So we are continuing on the heels of the last post.
Sarai, who is barren, summons her slavegirl Hagar to sleep with Abram.
And just as planned, Hagar gives birth to a child.
However, Sarai is just downright insecure about the whole situation.
She feels like Hagar is parading a sense of superiority around her and that compounded by her own insecurities has made the situation unbearable.
She begins to harass Hagar.
We are not told specifically told what type of abuse was leveled at Hagar but it must have been pretty bad because it caused Hagar to run away.
It is at this point in the Torah that we are introduced for the the first time to an entity that many English Bibles translate as the “Angel of the Lord”. (The Complete Jewish Bible says the “Angel of Adonai”)
As a result of allegory, hyperbole, fantasy, and all kinds of unkosher hog wild mistaken interpretations, the actual meaning of this term has been so misunderstood, especially by Christians, for so long.
So the best way to solve the problem is to just go to the original Hebrew.
The original Hebrew is MALACH YAHWEH.
So obviously YAHWEH is referring to God.
However, let’s just look only at the term MALACH.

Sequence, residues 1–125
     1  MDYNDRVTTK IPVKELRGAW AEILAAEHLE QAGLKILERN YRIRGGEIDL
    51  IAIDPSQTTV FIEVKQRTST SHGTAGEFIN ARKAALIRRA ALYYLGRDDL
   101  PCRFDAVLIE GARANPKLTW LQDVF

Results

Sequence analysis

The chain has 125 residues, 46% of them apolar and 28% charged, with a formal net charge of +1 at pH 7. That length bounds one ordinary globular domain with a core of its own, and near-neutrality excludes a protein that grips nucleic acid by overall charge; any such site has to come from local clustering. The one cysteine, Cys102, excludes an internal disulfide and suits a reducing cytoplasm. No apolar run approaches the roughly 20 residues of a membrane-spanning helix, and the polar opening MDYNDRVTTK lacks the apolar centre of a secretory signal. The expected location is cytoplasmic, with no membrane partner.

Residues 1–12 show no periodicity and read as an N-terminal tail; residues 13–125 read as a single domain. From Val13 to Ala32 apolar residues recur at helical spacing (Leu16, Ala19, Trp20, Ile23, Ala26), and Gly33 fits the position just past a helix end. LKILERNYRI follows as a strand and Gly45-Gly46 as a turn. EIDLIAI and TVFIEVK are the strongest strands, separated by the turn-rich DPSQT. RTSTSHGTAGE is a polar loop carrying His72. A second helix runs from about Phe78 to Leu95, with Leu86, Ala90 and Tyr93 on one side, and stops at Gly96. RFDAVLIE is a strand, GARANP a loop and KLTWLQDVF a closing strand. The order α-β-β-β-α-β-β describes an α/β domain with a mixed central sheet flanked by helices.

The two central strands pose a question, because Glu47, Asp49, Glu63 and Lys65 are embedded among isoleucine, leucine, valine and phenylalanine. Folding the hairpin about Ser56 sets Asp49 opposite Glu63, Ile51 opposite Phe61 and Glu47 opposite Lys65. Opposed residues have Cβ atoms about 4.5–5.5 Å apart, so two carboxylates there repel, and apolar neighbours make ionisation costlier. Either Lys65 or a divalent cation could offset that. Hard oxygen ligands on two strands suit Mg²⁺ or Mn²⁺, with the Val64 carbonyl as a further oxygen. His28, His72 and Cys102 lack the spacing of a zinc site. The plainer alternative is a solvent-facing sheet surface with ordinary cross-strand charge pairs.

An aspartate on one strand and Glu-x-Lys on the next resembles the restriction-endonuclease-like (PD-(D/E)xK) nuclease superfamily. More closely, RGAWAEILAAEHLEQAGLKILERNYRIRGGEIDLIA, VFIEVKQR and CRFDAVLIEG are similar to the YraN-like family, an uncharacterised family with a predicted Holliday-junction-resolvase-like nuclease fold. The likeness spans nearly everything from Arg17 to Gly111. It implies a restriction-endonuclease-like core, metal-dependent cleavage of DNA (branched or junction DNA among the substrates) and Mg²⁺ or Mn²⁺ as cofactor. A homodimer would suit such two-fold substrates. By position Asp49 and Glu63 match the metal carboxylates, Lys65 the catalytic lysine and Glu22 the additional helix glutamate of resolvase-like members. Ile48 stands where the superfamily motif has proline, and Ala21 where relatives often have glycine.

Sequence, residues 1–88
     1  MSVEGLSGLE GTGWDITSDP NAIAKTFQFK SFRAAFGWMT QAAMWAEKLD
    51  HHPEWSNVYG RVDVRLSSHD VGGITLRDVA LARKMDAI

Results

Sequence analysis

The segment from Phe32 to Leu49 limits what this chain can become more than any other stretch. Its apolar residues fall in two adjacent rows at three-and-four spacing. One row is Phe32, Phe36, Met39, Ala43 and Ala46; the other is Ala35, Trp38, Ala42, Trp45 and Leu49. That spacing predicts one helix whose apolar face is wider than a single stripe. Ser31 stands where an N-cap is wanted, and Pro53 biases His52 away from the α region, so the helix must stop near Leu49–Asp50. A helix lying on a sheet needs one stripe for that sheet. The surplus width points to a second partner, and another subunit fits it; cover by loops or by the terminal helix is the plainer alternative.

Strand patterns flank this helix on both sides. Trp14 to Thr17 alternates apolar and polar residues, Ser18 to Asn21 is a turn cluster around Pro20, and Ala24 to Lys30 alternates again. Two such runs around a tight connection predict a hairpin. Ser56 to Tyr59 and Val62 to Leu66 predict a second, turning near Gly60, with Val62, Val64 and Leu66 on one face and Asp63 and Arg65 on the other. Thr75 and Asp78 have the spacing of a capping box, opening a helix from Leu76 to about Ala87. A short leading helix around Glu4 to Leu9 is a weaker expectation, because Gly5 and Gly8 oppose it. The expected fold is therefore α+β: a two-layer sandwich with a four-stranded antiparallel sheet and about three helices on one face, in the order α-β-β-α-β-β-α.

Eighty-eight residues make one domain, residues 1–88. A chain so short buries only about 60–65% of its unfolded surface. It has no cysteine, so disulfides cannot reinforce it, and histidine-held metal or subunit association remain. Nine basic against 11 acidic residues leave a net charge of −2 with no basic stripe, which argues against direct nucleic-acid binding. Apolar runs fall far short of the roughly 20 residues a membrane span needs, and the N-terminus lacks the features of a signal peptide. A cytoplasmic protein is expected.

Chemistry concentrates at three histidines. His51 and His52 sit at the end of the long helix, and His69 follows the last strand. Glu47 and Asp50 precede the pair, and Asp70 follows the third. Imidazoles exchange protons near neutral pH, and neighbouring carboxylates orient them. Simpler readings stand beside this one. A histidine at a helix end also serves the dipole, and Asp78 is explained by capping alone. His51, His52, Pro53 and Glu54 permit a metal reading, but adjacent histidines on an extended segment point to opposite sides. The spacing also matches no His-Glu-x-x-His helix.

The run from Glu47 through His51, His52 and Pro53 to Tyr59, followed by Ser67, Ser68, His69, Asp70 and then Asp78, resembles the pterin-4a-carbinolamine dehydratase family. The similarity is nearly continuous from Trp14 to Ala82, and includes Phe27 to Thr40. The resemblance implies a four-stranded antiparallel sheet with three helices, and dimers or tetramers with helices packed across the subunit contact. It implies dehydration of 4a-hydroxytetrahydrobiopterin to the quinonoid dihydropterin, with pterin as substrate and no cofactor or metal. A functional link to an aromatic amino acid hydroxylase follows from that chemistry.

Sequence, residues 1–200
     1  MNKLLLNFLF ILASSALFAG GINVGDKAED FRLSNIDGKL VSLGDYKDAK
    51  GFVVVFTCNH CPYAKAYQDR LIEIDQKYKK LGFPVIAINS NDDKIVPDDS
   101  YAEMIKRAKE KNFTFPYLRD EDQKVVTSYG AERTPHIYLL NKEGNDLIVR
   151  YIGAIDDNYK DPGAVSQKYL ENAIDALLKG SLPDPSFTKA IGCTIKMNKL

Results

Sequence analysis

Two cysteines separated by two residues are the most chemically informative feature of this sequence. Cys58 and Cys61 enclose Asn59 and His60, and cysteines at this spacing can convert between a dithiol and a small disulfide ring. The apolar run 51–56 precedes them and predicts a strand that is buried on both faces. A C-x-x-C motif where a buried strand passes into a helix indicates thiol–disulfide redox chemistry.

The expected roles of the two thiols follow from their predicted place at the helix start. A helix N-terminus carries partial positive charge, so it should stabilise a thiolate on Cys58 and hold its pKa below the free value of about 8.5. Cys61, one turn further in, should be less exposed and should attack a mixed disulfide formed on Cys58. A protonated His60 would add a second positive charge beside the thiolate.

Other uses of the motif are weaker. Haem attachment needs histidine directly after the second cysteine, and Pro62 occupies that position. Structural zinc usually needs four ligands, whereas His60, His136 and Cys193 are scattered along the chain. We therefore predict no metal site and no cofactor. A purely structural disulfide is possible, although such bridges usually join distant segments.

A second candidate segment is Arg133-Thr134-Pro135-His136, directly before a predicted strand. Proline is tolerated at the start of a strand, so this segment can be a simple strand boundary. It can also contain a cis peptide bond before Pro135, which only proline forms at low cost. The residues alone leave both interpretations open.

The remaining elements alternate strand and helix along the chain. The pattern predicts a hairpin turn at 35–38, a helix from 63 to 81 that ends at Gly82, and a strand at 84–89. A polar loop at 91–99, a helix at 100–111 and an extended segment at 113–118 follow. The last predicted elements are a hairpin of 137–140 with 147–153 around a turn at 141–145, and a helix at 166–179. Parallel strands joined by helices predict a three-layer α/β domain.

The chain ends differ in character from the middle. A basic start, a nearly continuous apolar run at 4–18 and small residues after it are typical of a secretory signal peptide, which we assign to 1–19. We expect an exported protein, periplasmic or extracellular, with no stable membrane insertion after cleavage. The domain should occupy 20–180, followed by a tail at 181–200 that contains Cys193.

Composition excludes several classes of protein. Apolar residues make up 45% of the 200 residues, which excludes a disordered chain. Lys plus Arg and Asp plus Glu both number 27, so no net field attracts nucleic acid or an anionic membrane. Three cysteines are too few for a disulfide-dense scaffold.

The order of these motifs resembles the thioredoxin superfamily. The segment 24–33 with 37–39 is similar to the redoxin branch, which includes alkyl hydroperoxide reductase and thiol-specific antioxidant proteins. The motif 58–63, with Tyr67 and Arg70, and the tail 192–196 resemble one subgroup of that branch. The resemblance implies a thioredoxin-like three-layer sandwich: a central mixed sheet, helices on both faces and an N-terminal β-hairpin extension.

Although many English bibles translate this sole word as “angel”, that is NOT what it means.
MALACH just means “messenger”.
Nothing supernatural, MALACH means just means a deliverer of a message.
And, in the Bible, that is how it is often used.
However, whenever the term “MALACH YAHWEH” appears, we are dealing with something different.
By attaching YHVH to the word messenger (MALACH), this is when the meaning transforms from just a plain messenger to to a divine manifestation of God Himself.
So based on the original Hebrew, here is the basic rule you can follow:
If the word MALACH is used alone, it can be either a regular man delivering a message or an angel depending on the context.
If you add the word YHVH to it, depending on the context, then it becomes a manifestation of God the Father Himself.
What most Bible translators have mistakenly done is take every instance of MALACH to be an angel and MALACH YHVH to mean some kind of super high-ranking arch angel.